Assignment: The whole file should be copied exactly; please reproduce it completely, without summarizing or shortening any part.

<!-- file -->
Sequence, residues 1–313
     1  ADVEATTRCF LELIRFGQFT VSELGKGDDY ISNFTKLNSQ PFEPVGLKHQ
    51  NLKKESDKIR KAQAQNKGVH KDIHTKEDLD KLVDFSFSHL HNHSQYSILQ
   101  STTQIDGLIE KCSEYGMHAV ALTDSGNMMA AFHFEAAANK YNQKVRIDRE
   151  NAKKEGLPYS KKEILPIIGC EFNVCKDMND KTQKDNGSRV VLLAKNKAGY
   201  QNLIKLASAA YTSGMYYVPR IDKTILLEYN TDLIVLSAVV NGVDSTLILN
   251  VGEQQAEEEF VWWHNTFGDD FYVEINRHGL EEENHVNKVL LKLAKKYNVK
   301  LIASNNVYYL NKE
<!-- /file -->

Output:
Sequence, residues 1–313
     1  ADVEATTRCF LELIRFGQFT VSELGKGDDY ISNFTKLNSQ PFEPVGLKHQ
    51  NLKKESDKIR KAQAQNKGVH KDIHTKEDLD KLVDFSFSHL HNHSQYSILQ
   101  STTQIDGLIE KCSEYGMHAV ALTDSGNMMA AFHFEAAANK YNQKVRIDRE
   151  NAKKEGLPYS KKEILPIIGC EFNVCKDMND KTQKDNGSRV VLLAKNKAGY
   201  QNLIKLASAA YTSGMYYVPR IDKTILLEYN TDLIVLSAVV NGVDSTLILN
   251  VGEQQAEEEF VWWHNTFGDD FYVEINRHGL EEENHVNKVL LKLAKKYNVK
   301  LIASNNVYYL NKE